Another stark inconsistency in the agreement that favours private schools is that there is no provision for the Victorian Government to substitute non-school expenditure for an increase in its recurrent funding of private schools. For example, there is no provision for expenditure on the Curriculum and Assessment Authority and the Registration and Qualifications Authority as it relates to private schools to be included as part of the state’s share of the SRS of private schools. Private schools will get an actual increase in recurrent funding whereas public schools get defrauded by the inclusion of non-school expenditure items in their SRS.

Moreover, private schools are likely to be over-funded as a result of funding provided by the Morrison Government outside the current model and the new funding agreement. Victorian private schools will receive an additional $1.4 billion under the funding arrangements announced by the Morrison Government last year to apply over ten years from 2020. This will take them to over 100% of their SRS.

The new agreement continues the misdirection of school funding increases over the past decade and longer in favouring the more privileged, better-off school sectors and students. Over 80% of disadvantaged students in Victoria are in public schools and nearly 90% of disadvantaged schools are public schools. The new agreement robs these students and schools of funding needed to meet the learning challenges they face.

It is unconscionable that the Victorian Labor Government conspired with the Morrison Government to defraud public schools. It is unconscionable that public schools in Victoria should be under-funded indefinitely while private schools are fully funded within the next four years. Indeed, funding provided to private schools outside the agreement by the Morrison Government will ensure that they are over-funded from 2023 at the latest.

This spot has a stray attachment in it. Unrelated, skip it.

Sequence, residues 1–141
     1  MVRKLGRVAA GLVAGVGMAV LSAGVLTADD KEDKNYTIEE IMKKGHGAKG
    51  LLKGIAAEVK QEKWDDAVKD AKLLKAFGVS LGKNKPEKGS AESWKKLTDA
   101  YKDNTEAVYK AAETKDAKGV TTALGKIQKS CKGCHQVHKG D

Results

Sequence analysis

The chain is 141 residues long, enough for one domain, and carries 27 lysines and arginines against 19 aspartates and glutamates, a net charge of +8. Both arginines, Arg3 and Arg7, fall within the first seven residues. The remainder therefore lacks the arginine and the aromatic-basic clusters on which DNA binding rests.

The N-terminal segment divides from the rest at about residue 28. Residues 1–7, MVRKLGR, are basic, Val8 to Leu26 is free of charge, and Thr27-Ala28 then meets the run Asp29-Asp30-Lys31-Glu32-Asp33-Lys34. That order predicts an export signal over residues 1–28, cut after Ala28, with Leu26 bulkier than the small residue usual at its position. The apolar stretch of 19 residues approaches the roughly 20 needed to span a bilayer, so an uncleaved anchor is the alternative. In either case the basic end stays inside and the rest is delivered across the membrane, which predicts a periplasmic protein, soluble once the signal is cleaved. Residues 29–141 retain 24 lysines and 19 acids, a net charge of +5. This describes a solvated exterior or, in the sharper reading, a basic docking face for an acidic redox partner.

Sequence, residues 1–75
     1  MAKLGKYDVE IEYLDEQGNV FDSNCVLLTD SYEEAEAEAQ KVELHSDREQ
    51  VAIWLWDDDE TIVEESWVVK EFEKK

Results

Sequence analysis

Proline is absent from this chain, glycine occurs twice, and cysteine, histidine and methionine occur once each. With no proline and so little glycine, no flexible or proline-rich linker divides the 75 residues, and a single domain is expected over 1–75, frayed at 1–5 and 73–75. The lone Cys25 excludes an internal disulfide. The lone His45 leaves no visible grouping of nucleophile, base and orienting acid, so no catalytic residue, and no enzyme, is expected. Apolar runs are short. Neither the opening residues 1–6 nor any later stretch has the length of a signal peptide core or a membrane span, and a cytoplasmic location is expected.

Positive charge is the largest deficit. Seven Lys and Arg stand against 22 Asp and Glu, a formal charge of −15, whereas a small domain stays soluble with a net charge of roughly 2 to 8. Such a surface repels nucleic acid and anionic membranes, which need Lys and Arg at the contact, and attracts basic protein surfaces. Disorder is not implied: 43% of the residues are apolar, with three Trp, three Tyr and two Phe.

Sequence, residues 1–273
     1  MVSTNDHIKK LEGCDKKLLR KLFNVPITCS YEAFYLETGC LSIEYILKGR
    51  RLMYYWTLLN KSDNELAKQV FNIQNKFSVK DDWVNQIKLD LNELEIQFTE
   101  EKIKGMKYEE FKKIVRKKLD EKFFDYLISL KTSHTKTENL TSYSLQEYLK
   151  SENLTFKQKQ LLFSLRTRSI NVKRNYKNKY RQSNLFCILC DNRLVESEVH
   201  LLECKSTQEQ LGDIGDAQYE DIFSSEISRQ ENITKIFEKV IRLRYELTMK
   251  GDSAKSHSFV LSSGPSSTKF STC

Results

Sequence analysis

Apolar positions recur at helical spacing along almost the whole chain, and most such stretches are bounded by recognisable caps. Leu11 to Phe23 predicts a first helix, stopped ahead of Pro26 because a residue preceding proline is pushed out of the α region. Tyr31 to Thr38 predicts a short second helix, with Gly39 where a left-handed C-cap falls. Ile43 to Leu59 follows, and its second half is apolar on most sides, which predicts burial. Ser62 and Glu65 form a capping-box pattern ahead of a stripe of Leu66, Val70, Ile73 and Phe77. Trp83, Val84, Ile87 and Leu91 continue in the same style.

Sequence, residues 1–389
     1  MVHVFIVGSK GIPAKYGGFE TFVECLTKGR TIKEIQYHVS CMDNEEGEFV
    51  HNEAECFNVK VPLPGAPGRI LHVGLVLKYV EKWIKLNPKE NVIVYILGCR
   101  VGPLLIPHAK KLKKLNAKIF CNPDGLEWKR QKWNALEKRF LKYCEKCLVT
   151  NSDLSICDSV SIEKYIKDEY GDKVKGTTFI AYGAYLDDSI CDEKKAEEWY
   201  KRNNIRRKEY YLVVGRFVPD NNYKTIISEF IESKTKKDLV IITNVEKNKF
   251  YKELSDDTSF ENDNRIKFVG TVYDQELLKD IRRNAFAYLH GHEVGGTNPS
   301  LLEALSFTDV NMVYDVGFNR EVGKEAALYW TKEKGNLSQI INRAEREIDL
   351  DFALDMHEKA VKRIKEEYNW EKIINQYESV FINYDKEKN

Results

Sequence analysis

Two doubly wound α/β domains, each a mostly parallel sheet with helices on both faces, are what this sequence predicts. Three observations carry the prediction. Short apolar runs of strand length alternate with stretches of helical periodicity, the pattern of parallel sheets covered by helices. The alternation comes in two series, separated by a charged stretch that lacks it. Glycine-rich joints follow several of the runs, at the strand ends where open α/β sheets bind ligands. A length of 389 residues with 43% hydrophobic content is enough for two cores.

What was the reaction to Trevor’s expose?

A Victorian government spokesman said the items included in the standard were consistent with other states.

“Our massive record investment in school infrastructure providing $5.6 billion to build and upgrade schools is not captured by the standard,” he said.

“We were the last state to sign up to the federal government’s school funding deal because we didn’t think it was fair – and we still don’t.”

Federal Education Minister Dan Tehan said it was "up to the Victorian government to explain why it’s the lowest funder of public schools across the nation".

Justin Mullaly, the deputy president of the Victorian branch of the Australian Education Union, said including spending on other education costs “missed the point” of needs-based funding.

“What schools care about is the actual support they have to support children in classrooms every day,” he said.

“Some of the key goals of the Education State, not least breaking the link between disadvantage and academic achievement, become difficult when you have funding deals that don’t deliver support to the school level to help students.”

He said there was an “astounding lack of transparency” around the deal. It is not yet known how much money will flow to schools across each year of the agreement.

“We are calling on the Victorian government to come clean on what the deal looks like over the five years,” he said.

DOGS note that if the government subsidised so-called private schools are now provided with more funding than public schools then the only efficient economic policy going forward is to take them over, open them up to all children and, for those who wish to be independent, let them put their money where their rhetoric is.